1: Ryushinzan Shrine
Ukiyonosuke in his original size encounters the famous beauties, Osen of the Kagaya teahouse who is representing the Ryushin shrine, and Ofuji of the Yanagi-ya who represents the Kinryuzan shrine. They offer him the magic shrinking potion in response to his prayers for greater wisdom.
2: Shinkai-Shima (Forced Love)
Mane'emon's first encounter is to witness a calligraphy teacher taking advantage of a young pupil by forcing himself on her while promising to promote her ahead of her fellow students. Mane'emon hides beneath the table and expresses his outrage at the teacher's reprehensible behavior, and points out his large nosea feature associated with people of an evil nature. As Mane'emon disapproves of the scene, it is left to the cats on the verandah to take up the responsibility of mimicking the action in this print.
3: Ichatsuki-Shima (Busy Love)
Mane'emon is impressed by a nimble beauty applying moxa to an older woman while simultaneously entwined with her partner; he also applies moxa to himself in the foreground.
4: Yarikuri-Shima (Love Revealed)
Mane'emon cowers under a blanket to hide from the fury of a pregnant wife who grabs her husband by his fundoshi to pull him away from a visiting niece. Mane'emon explains that in spite of the uproar the niece does remain at the house to assist with the childbirth.
5: Fukiyagahama, Sakai-Shima (Playing with a Dandy)
Mane'emon visits the neighborhood of Fukiyamachi and Sakaimachi and uses a kite to fly to the second floor of a teahouse that specializes in young men. The kagema (male prostitute) lies backwards on top of his partner. The chrysanthemum motif on the futon is a frequent symbol in shunga for homosexual love as the blossoms are thought to resemble the male aperture.
6: Ukkari Shinden (Peasant Love)
Mane'emon enjoys a tobacco pipe beneath a tree while a samurai wearing a mask takes a young girl by surprise in a rice field. Her parents mistake the masked creature to be associated with Inari, the god of rice, and rather than save her from the assault they reverently pray to the deity.
7: Kibakarimura (Pleasures of the Aged)
Mane'emon notes a poor old farmer suffering from enlarge scrotum isn't deterred from kissing his wife when he is inspired by the sound of his son and daughter-in-law's passions behind a mosquito net in the next room.
8: Ikaho Onsen (Hot Springs at Ikaho)
A couple entwined while listening to a blind shamisen player at the Ikaho hot spring in Kozuke Province, at right Mane'emon dries his head after emerging from the bath.
9: From Ikaho to Edo
The gait of her trotting horse has put a travelling beauty into the mood so she seduces the horse driver while waiting for a ferry; the enthusiastic attendant waives his fee and offers to take her two stops further to the Kumagaya embankment on the Arakawa River.
10: Sericulture Chamber
Mane'emon hides beneath silk worm trays in a farmer's house as a young husband pushes his wife to the floor for a hasty encounter because he is aroused by the Azuma nishiki-e ('brocade pictures from the Eastern capitol,' probably shunga) which his brother brought back as a souvenir from Edo.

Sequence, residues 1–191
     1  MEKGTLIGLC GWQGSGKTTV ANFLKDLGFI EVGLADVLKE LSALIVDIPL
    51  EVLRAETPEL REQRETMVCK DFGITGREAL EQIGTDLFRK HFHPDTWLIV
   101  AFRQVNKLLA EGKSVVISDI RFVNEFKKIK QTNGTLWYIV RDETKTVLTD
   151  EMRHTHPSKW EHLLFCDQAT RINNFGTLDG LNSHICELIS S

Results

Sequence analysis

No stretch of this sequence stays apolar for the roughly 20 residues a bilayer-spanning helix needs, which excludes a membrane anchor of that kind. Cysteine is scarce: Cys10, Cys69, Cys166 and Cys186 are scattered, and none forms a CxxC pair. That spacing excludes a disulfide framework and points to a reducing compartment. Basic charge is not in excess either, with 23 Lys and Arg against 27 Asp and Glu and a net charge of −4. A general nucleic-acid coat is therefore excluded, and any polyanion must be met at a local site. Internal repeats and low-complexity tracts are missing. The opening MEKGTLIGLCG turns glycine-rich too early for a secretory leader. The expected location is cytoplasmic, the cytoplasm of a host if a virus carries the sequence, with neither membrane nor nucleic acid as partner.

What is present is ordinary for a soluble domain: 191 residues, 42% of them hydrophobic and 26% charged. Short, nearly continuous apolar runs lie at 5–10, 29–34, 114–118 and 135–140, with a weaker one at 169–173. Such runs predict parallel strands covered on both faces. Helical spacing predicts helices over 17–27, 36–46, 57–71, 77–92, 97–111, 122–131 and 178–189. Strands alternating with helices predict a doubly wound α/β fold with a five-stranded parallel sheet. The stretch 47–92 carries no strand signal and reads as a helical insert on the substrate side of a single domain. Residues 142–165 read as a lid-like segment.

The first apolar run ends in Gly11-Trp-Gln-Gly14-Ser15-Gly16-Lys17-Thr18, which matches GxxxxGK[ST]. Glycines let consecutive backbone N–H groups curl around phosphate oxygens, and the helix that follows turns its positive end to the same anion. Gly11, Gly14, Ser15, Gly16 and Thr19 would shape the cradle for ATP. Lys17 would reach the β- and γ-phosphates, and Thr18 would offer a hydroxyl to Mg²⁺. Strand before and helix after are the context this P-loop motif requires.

11: Shinju No Genba
(The Place of the Heart)
A young couple are nearly discovered at night as they try to have their last encounter before committing double-suicide; Mane'emon contemplates how to prevent the tragedy and resolves to hide the short sword to prevent them from breaking the hearts of their parents
12: Yuriko Kitsugenkaku (Licensed Quarter of Yoshiwara)
In the Kitsugen quarters of the Yurikoku (the land of pleasure), the famous onnagata (female role) actor Segawa Kikunojo II (1741-1773) sits on a verandah while reaching through the folds of a young shinzo (apprentice courtesan) under the displeased gaze of her mentor at the left; Mane'emon watches the encounter and breaks wind to add to the scent of the cherry blossoms.
Suzuki Harunobu, ca. 1724-1770
Elegant Erotic Mane'emon
(Furyu Enshoku Mane'emon)
each chuban yoko-e approximately 8 3/8 by 11 1/2 in., 21.2 by 29.2 cm
This set of twelve prints, in remarkably pristine conditions, is from the first album (of two volumes) published by Nishimuraya Yohachi, with text that is very likely by Komatsuya Hyakki (1720-1793), an influential artist, writer and patron who is thought to have commissioned prints by Harunobu. The story is a light-hearted tale following the adventures of Ukiyonosuke (lit. 'man of the floating world'), an Eddoite who is transformed into a tiny form as small as a bean and he takes the name Mane'emon ('imitation man'). Once transformed, Mane'emon resolves to seek out understanding of the Way of Love. He travels around and is able, thanks to his very small size, observe people in their most intimate settings, commenting on what he sees and frequently mimicking their actions. The first volume depicts his adventures in Edo and the countryside; the second volume relates the activities of the Yoshiwarawhich very frequently revolves around the rivalries and manipulations of its occupants. The Mane'emon series, with its great humor and insight, is arguably Harunobu's best-known and best-loved shunga works.
This set published:
Klompmakers, Japanese Erotic Prints, 2001, pp. 52-77, cat. B.1a- B.12,
Uhlenbeck and Winkel, Japanese Erotic Fantasies, 2005, pp. 98-99,
nos. 22 a, b, c, d
Hayashi and Lane (eds.), The Complete Ukiyo-e Shunga, no. 21, Harunobu, 1998, pp. 11-14, pl. 5
Kobayashi (ed.), Ukiyo-e soroimono makura-e: Shunga, Vol. II, 1997,
Shirakura and Hayakawa, Shunga: Japanese Erotic Art, 2009, cat. nos. 17, 63, 78, 85, 136, 141 (sheets 7, 2, 9, 6, 4, 5)
Calza, Poem of the Pillow and Other Stories, 2010, pp. 152-161
Clark et al., Shunga: Sex and Pleasure in Japanese Art, 2013, p. 163-164 (text on sheet 9), pp.173-176, p. 407 (text on sheet 2)
Waterhouse, The Harunobu Decade, 2013, nos. 431-440
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